Summary: In this tutorial, we will learn how to create private member variables and methods in Python.

Private members in programming languages (such as C++ and Java) are the members that are only available to their own class. Neither the subclasses nor the classes in the same package have access to them.

In Python, there is no such strict enforcement of privacy. It does not have access specifiers like other languages to make variables or methods private to the class.

However, we can use the name mangling feature of Python to make a variable or method appear as restricted.

We have to prefix the __ (double underscore) in the name of the variable to represent it as a private variable.

class BankAccount:
    def __init__(self, balance):
        self.__balance = balance    #private variable 
        
    def displayBalance(self):
        print("Balance: ", self.__balance)
        
myaccount = BankAccount('85,33,999')
myaccount.displayBalance()         #outputs 'Balance: 85,33,999'
print(myaccount.__balance)         #AttributeError: object has no attribute '__balance'

Accessing the variable __balance through object throws an error because Python has srambled its name to _BankAccount__balance (class name with leading underscore followed by the name of the variable).

Python does it so to ensure that subclasses don’t accidentally override the private attributes of the parent class.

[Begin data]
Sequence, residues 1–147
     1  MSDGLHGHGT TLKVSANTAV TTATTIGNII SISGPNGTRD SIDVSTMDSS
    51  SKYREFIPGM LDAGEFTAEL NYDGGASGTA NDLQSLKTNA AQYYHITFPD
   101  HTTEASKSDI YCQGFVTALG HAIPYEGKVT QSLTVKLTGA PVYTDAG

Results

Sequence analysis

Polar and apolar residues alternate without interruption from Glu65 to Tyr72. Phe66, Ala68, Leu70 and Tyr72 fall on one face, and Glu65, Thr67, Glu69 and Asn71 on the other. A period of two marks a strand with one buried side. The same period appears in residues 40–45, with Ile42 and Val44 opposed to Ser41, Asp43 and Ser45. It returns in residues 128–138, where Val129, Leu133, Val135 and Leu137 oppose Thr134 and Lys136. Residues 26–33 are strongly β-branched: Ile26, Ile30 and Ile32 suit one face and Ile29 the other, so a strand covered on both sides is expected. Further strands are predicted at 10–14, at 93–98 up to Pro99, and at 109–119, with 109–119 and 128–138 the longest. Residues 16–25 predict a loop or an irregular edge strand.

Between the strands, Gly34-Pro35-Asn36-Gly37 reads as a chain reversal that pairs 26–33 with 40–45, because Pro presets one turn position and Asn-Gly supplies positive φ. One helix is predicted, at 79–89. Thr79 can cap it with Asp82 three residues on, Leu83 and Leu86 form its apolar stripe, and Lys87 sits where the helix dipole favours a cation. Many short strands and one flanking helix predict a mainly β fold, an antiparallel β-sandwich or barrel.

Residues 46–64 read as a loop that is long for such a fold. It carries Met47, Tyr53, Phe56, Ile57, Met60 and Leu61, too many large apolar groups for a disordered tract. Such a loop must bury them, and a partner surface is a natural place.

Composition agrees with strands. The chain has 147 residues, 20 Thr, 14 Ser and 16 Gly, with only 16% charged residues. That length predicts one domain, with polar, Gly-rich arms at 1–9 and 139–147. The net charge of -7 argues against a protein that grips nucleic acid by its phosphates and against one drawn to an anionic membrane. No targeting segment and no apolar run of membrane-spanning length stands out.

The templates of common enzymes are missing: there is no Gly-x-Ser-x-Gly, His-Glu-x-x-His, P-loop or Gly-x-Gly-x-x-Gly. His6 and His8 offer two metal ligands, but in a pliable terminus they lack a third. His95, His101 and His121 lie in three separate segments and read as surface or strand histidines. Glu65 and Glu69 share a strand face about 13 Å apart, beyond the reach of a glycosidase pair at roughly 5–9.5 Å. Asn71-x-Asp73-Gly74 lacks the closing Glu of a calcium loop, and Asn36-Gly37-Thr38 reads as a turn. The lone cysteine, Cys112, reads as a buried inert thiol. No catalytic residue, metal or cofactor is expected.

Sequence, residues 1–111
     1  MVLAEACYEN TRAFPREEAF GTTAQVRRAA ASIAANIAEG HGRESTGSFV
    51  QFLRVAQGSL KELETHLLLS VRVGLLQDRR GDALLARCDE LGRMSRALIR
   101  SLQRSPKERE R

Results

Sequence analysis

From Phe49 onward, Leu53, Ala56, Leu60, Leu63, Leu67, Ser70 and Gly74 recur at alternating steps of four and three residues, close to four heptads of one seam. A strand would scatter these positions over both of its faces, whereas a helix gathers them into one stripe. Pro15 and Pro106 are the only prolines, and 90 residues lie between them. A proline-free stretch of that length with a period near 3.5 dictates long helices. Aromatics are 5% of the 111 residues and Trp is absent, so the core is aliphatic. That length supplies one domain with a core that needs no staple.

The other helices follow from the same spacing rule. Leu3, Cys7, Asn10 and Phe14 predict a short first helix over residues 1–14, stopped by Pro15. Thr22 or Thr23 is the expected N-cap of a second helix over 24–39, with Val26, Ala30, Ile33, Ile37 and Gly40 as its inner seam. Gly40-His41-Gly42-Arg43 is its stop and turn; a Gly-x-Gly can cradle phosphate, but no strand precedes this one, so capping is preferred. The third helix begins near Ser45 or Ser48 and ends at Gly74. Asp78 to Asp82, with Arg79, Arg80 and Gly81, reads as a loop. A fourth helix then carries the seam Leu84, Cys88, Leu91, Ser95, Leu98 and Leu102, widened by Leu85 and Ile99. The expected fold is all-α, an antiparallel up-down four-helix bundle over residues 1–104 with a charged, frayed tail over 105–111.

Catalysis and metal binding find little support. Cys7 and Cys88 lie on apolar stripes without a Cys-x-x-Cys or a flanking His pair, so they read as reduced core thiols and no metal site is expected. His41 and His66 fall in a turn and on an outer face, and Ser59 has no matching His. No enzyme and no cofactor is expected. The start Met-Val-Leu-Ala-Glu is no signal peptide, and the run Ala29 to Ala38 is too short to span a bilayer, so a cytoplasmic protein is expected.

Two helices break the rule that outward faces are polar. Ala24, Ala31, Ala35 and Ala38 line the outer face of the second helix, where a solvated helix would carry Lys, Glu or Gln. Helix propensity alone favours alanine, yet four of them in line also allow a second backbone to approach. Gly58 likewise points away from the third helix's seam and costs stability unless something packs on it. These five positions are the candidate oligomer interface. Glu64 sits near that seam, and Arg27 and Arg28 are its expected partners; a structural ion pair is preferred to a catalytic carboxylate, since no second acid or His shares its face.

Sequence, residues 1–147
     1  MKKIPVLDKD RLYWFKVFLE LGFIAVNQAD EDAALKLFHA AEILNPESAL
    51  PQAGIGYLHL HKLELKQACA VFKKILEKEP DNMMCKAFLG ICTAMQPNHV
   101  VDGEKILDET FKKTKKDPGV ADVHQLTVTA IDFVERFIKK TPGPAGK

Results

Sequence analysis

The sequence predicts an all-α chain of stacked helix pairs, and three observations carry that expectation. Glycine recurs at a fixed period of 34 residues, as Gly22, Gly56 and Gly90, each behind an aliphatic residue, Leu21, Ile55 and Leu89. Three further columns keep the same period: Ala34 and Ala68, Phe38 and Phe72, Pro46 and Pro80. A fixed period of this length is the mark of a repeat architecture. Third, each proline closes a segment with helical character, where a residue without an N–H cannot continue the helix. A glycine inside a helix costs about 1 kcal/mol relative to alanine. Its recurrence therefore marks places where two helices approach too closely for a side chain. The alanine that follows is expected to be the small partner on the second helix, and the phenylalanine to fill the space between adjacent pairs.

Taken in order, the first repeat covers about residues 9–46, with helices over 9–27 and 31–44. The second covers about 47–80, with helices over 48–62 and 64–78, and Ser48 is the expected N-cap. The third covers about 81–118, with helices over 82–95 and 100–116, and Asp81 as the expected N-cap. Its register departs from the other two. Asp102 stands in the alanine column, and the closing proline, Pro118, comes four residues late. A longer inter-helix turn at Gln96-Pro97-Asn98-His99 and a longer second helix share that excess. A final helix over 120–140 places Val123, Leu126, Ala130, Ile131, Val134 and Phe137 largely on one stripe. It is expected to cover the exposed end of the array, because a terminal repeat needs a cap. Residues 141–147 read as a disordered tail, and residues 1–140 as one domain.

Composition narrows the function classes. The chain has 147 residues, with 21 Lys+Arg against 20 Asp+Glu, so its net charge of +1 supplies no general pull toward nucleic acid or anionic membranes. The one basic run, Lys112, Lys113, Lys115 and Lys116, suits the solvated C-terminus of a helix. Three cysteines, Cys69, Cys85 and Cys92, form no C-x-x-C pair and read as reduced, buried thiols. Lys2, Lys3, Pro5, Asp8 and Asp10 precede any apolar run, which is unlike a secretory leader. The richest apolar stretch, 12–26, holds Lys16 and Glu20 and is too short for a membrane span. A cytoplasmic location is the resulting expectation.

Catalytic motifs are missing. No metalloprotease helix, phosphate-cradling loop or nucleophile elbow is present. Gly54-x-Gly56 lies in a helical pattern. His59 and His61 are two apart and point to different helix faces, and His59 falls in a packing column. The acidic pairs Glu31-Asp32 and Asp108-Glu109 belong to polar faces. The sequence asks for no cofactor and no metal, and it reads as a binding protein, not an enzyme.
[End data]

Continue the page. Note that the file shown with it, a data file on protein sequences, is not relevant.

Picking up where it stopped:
If we replace the name with _BankAccount__balance in the print statement, then it works fine.

print(myaccount._BankAccount__balance)     #outputs '85,33,999'

The same concept is applicable to methods also. Prefixing the __ in the name of the member methods (__displayBalance), mangles its name (_BankAccount__displayBalance).

class BankAccount:
    def __init__(self, balance):
        self.__balance = balance    #private variable 
    
    #private method    
    def __displayBalance(self):    
        print("Balance: ", self.__balance)
        
myaccount = BankAccount('85,33,999')
myaccount.__displayBalance()         #AttributeError: object has no attribute '__displayBalance'

In the end, we can conclude that Python has no strict mechanism to make variables and methods private. Although, we can prefix __ (double underscore) in the name as to enforce the name mangling, the attributes can still be accessed by the other classes.

References:

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